Are you are young, single, no kids, you’ll rent in Florida instead of buying, and all your stuff will fit into your Toyota Corolla for the trip down. Then just do it, it’s low risk! If it turns out to be a mistake you didn’t lose much. You didn’t burn a lot of money to sell, then buy a home in Florida, and pay movers or rent a gas guzzling truck to drive 1000 miles to move. You won’t have to sell, move and buy again to correct a mistake. You’re young, there’s plenty of time to recover. On the other hand, if you are retired and no longer work, will be selling a home to move to Florida, paying movers to take tons of stuff with you and will be buying a home in Florida (especially at the top of the market), well then…

Q-Who would benefit from reading this blog and the book?

A-The blog:

  • This blog would be helpful to prospective newcomers who want to learn a little about what living in Florida is really like. The people who make a living selling Florida dreams and homes aren’t going to dwell on, or even mention the negatives of living in Florida. That’s not their job, and there’s nothing wrong with that. But, if juries were only only allowed to hear from the prosecutor in a trial, the defendant would always be found guilty. If the jury only heard from the defense, the accused would always go free. That’s why everyone moving to Florida should get all the facts, especially on a major life event like moving your life to a another state.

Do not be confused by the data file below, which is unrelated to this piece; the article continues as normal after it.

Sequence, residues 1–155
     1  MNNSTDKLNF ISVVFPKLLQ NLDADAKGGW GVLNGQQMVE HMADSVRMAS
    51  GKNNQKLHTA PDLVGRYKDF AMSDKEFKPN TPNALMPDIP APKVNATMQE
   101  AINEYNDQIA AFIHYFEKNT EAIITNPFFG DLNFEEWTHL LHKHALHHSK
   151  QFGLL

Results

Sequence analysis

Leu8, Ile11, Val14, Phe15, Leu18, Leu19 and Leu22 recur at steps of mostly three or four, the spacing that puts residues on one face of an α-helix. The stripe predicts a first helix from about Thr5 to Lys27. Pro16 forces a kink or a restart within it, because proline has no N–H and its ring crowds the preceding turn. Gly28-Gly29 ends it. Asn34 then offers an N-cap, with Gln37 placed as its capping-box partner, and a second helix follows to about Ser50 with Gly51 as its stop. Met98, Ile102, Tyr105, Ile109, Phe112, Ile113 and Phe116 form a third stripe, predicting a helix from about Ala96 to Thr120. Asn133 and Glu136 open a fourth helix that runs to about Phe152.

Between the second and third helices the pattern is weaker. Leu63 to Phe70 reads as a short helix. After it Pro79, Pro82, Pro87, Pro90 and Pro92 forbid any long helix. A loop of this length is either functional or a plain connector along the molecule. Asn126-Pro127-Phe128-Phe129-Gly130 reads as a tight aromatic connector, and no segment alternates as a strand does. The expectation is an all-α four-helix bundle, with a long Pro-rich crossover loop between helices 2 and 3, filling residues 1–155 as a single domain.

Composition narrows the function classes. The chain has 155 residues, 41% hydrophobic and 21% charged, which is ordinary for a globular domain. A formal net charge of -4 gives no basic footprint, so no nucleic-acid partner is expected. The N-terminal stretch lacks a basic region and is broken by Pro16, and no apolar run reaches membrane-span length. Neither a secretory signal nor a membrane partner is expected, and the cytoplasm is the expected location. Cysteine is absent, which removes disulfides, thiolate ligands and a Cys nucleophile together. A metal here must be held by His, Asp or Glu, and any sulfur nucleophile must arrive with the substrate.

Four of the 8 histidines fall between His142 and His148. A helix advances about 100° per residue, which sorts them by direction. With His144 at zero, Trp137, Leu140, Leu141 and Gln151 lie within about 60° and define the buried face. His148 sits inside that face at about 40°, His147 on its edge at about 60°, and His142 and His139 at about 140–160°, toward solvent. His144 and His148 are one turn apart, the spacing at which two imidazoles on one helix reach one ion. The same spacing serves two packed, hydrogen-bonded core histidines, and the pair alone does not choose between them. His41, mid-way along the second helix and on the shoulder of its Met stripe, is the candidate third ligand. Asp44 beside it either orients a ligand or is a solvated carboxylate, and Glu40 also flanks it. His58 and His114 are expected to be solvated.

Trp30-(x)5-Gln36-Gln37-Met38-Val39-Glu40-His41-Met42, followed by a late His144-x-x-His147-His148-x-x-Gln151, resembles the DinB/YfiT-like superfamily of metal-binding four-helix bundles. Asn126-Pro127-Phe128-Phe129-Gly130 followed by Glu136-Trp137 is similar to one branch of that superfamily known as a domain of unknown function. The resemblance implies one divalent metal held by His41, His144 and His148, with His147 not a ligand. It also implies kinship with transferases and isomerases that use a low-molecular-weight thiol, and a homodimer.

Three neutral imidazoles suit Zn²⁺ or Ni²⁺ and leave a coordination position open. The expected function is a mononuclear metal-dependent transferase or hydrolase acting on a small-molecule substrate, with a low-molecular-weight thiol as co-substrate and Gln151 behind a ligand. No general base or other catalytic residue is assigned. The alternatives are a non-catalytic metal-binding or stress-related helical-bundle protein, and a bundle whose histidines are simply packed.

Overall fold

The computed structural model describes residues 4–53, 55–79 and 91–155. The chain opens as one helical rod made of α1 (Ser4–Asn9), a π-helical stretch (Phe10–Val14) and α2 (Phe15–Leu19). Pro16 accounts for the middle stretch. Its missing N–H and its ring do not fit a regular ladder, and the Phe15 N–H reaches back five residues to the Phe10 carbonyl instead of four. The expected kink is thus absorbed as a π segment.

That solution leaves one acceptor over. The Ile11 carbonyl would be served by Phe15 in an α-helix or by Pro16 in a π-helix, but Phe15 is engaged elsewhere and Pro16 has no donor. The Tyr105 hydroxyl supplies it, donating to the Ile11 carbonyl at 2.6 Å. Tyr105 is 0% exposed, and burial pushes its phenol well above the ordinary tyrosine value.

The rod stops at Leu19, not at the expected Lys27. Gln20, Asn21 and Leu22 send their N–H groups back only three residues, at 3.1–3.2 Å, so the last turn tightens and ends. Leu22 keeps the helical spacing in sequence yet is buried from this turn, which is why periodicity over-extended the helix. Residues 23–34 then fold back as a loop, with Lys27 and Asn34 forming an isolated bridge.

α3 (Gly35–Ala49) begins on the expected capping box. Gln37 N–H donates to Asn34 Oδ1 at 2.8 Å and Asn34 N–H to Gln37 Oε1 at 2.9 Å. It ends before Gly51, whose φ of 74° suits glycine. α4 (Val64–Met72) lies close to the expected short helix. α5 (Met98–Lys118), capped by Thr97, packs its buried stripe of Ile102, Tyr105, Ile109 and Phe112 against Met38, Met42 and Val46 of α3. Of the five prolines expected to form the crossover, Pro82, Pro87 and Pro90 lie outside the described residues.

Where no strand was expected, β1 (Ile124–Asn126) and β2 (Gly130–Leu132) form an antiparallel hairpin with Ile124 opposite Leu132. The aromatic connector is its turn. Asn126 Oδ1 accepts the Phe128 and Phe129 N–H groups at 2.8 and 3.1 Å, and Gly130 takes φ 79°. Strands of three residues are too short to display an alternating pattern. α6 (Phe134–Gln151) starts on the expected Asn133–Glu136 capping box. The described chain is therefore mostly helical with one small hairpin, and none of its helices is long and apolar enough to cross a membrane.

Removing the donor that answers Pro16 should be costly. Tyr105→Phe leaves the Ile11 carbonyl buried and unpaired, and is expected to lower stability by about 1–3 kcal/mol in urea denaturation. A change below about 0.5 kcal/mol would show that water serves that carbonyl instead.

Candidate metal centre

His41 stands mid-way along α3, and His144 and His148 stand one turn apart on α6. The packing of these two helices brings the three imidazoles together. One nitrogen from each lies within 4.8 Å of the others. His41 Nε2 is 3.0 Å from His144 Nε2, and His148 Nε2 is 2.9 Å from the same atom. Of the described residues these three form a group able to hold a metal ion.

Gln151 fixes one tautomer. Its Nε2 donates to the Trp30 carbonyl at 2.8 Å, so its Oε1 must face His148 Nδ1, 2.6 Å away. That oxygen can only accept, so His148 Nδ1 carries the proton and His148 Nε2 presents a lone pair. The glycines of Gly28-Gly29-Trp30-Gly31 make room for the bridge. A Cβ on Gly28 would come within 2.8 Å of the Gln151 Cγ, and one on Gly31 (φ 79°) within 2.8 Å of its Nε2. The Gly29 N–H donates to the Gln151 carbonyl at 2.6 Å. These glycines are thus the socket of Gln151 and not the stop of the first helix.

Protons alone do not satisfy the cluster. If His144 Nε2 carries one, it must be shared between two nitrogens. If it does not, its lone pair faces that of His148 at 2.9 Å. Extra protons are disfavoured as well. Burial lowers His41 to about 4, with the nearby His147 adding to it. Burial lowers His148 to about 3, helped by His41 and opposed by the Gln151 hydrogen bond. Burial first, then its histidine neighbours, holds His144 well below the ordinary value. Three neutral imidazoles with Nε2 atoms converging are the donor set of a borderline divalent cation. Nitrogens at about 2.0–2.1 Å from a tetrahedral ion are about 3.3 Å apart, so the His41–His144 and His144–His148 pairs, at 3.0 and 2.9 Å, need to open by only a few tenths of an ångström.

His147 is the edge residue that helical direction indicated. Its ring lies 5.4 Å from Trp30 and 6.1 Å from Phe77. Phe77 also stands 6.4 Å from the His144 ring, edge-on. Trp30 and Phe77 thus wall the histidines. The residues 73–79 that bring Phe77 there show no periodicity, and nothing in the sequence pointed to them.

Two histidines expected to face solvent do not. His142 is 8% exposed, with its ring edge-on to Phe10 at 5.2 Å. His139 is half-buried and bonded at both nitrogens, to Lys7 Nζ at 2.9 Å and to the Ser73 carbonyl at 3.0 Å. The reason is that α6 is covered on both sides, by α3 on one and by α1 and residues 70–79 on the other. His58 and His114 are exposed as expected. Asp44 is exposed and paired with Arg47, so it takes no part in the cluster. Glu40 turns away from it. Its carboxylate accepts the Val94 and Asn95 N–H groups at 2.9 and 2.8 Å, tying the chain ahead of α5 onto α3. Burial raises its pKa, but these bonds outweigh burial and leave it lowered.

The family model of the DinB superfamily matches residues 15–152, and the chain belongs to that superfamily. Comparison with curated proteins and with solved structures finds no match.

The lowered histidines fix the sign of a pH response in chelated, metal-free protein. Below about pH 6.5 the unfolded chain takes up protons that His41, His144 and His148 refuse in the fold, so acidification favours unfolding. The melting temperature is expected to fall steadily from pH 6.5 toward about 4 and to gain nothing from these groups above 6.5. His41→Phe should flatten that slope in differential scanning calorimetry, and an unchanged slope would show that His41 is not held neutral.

A- The book

  • The book Florida Move Guide  (link below) would be most helpful to people who fall into one or more of the following groups…
  1. Anyone moving to Florida that will be involved in real estate transactions as part of their relocation. The book was written by a long time licensed Florida real estate broker, who’s been in Real Estate for almost 30 years. Selling to move to Florida and buying here is expensive. It can be devastating to have to sell in Florida and move back and buy again, yet it happens all the time.
  2.  Anyone who is planning a move to Florida to enjoy their retirement years. The older we get, the more stressful moving is, especially long distance. You really don’t want to put yourself through that twice at a time when you should be enjoying life.
  3. Parents who will relocating to Florida with children who be attending school. Not because the book has a lot of information on schools in Florida, but because of the high risk of moving out of Florida and the effect of changing a child’s schools, friends and environment repeatedly..
  4. Anyone thinking of moving to Florida, who has nagging concerns or is worried about whether it’s the right move. The book may help you realize if your concerns have caused other Florida relocations to go bad.

The Florida Move Guide is a must read if your relocation will involve of these factors:

                • Selling your current home, moving 1000 miles and buying in Florida. Why? Because that’s expensive. You don’t want to make a mistake and have to do it again.
                • Moving to Florida for retirement. Why? Because moving becomes more disruptive and stressful the older we get. You don’t want to have to do it a second time in just a few years.
                • Moving to Florida with school-age children. Why? Because Florida is different and changing a child’s world (new place, friends, school, everything) can be challenging. Big changes that don’t work out well for the whole family can have life-long consequences.Want to be certain if moving to Florida is right for you or your family? You’ll know after reading the Florida Move Guide.